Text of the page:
Choosing the right name for your franchise can be tricky. It’s the first point of contact that most customers will have with you, and it’s a big decision to make. Here’s how to choose the right name for your business that represents what you’re all about.
Making the decision to start running your own business is a huge one. If you can do that, you can name it, too. You’ve already proven that you’re bold, brave and ready to make decisions. Leadership is one of four key franchisor traits.
When it comes to building your brand as a franchisor or business owner, use the same decisiveness and creativity that led you to where you are today. Don’t let the process intimidate you. Instead, consider it a fun and exciting chance to hone your brand identity and perfectly showcase your ethos from the get-go.
Customers form their first impressions on a brand in 10 seconds or less [ActionCard], so if you can land on the perfect name, you’ll create an instantly positive first point of customer contact.
How to choose the right name for you
Figuring out how to market your franchise should be one of your first steps as a new business owner, no matter the industry you’re operating in. One of the biggest keys to building a brand successfully is consistency, and that’s exactly why you need a business name that fits your marketing strategies, and marketing strategies that fit your business name.
Point Franchise has gathered together six top tips to help you figure out how to choose a name for your business which works on multiple levels:
1. Choose a name that’s memorable and unique
Don’t name your business something cliché or choose one that you’re likely to get bored of in a year’s time. Think hard, and think deeply about what name you choose. Try to land on something stand-out and creative that customers will remember quickly and easily.
72% of the best-performing brands out there have names comprised of made-up words or acronyms [Crowdspring]. Don’t be afraid to get creative and splice things up. The more memorable your name, the more easily you’ll be able to build your brand and market your business.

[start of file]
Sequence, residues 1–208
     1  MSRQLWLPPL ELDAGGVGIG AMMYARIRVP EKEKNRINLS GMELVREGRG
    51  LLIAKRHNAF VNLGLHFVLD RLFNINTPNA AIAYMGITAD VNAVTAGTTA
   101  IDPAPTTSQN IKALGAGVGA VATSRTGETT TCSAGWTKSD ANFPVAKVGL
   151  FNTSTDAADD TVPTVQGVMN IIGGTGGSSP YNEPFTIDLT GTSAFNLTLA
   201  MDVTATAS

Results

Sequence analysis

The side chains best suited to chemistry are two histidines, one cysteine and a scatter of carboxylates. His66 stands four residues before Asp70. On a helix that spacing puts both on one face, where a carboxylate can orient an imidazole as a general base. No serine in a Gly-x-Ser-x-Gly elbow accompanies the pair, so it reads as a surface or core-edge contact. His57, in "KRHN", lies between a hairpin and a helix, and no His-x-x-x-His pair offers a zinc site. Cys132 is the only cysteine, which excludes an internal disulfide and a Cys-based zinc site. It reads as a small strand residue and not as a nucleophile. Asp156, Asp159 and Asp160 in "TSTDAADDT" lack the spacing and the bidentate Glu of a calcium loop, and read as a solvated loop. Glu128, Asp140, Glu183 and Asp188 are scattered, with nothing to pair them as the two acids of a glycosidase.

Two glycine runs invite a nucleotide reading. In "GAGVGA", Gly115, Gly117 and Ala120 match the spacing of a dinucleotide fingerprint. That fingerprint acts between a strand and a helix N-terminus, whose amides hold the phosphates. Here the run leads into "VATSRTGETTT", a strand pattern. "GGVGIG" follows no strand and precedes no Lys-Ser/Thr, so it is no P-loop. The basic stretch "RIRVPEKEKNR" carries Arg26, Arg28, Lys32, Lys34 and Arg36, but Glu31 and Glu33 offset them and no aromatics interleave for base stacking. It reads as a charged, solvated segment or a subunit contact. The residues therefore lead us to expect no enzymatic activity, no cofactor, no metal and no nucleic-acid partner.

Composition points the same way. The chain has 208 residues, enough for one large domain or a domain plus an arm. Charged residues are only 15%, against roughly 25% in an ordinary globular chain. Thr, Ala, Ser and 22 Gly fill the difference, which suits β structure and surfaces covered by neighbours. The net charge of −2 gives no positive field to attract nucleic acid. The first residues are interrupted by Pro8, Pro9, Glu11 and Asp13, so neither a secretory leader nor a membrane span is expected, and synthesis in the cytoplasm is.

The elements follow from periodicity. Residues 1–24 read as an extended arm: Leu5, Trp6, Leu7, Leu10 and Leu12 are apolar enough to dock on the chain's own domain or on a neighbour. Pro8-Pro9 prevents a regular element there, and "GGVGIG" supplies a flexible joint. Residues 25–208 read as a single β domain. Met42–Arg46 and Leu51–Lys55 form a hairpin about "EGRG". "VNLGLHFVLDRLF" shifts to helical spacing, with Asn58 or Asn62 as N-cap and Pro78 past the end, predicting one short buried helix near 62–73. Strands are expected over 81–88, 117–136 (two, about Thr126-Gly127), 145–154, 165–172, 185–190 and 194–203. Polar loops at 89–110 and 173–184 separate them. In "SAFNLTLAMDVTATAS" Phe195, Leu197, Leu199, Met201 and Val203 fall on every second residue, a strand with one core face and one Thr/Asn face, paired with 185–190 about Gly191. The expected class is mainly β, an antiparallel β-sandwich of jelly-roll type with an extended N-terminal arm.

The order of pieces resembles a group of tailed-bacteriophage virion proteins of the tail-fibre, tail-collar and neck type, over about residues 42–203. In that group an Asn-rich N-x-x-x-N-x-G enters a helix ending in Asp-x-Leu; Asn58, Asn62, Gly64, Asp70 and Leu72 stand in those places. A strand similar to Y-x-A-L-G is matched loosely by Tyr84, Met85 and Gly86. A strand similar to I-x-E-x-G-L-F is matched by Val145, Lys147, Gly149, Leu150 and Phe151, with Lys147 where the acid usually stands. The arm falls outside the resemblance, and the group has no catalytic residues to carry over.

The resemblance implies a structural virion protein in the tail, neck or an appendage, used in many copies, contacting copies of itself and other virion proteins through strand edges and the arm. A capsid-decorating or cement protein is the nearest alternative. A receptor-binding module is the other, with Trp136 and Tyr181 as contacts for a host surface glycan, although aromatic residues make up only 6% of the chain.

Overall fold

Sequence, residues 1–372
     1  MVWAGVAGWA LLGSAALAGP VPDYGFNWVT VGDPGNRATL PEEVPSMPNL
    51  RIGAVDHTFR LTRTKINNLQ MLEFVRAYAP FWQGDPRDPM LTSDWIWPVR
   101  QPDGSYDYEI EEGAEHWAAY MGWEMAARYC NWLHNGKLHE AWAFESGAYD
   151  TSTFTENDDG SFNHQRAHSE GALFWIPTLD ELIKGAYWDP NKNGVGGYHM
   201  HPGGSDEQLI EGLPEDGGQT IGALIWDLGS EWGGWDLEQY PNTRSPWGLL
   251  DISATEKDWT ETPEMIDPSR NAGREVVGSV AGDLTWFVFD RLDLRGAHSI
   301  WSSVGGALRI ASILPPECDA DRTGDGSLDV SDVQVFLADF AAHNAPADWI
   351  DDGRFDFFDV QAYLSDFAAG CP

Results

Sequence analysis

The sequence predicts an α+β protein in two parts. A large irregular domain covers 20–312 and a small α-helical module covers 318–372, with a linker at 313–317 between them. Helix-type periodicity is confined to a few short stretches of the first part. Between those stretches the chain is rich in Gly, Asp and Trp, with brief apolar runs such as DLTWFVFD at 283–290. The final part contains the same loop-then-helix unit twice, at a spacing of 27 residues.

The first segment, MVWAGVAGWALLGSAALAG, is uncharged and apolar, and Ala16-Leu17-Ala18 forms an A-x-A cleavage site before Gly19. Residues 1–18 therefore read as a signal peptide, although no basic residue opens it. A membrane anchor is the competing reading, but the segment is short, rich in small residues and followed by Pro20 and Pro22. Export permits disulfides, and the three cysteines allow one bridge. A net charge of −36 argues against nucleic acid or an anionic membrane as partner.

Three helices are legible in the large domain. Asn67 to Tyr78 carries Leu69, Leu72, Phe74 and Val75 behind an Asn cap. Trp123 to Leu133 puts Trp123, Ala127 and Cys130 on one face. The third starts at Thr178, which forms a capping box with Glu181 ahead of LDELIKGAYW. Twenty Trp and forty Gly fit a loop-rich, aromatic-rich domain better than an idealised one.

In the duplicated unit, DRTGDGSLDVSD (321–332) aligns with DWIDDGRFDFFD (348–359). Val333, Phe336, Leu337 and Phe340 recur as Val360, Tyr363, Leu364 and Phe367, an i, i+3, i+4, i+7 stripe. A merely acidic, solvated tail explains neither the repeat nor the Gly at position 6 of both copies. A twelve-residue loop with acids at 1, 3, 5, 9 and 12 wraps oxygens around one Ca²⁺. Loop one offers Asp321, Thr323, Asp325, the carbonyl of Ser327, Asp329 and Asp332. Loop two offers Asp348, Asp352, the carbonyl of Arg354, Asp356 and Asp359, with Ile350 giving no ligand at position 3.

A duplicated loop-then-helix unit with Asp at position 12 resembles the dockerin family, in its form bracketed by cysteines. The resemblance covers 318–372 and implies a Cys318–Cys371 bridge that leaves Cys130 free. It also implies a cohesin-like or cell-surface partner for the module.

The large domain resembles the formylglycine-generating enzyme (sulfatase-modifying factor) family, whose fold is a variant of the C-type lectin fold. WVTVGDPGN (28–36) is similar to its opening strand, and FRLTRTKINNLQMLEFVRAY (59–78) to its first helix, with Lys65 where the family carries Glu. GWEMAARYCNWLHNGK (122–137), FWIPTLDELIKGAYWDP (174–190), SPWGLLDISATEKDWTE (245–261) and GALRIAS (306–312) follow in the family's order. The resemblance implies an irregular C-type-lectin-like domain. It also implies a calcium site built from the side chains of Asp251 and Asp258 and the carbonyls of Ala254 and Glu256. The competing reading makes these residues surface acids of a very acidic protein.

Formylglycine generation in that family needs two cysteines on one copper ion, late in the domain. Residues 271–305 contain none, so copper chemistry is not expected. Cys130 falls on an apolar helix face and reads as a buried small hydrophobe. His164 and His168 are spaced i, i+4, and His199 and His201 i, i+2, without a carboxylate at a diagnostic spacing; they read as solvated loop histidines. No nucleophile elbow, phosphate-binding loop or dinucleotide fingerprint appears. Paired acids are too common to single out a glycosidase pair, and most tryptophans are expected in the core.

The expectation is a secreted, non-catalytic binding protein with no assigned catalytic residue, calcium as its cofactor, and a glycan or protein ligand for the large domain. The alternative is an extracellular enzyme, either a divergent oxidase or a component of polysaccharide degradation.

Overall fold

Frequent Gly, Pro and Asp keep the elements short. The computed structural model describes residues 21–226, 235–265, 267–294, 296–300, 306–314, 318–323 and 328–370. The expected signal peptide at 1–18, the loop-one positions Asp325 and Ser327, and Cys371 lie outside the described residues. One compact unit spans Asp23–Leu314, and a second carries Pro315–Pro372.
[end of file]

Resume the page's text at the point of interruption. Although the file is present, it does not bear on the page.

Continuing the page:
2. DON’T choose a name so unique that nobody can pronounce it
While uniqueness matters, so does accessibility. Avoid, at all costs, adding any confusion into the mix. When a new customer is trying to discover you, you don’t want them getting lost.
Pick a name which is easy and intuitive to say and write, and you’ll save yourself time making corrections in the long run.
3. Avoid pigeonholing your business
Make sure that the name of your business allows for expansion and growth. While a name that includes a specific location or product might reflect where you’re at currently, it boxes you in five years down the line.
What happens when you want to expand your product range or alter your offerings? What happens when you’re considering franchising in other locations? Give your business the room it needs to adapt and change with time.
4. Do your research
No matter what you do, don’t get over-invested in a name before you’ve done some proper research into it. There’s nothing worse than picking a name, falling in love with it, and then realising that another business or franchise operating in a similar space to yours is already using it.
While using the same name as another business - or even a similar name - isn’t impossible, it does complicate things. Especially when you’re starting out, and you want very much to be able to stand out and make an impact. Research before you commit.
5. Nail the site domain and logo
If you find the perfect name, but can’t figure out your site domain or logo, your branding will be inconsistent and patchy, and your business will suffer.
If you can’t purchase a domain name that matches up exactly with your brand name, it’s not the end of the world. Find creative solutions that still incorporate some element of your name. Avoid domain extensions like “.net” and “.org”; while they might look more exciting, or cost less to purchase, they’re likely to make your business look less professional than its competition. For an established, professional look, stick with “.com” or “.co.uk”.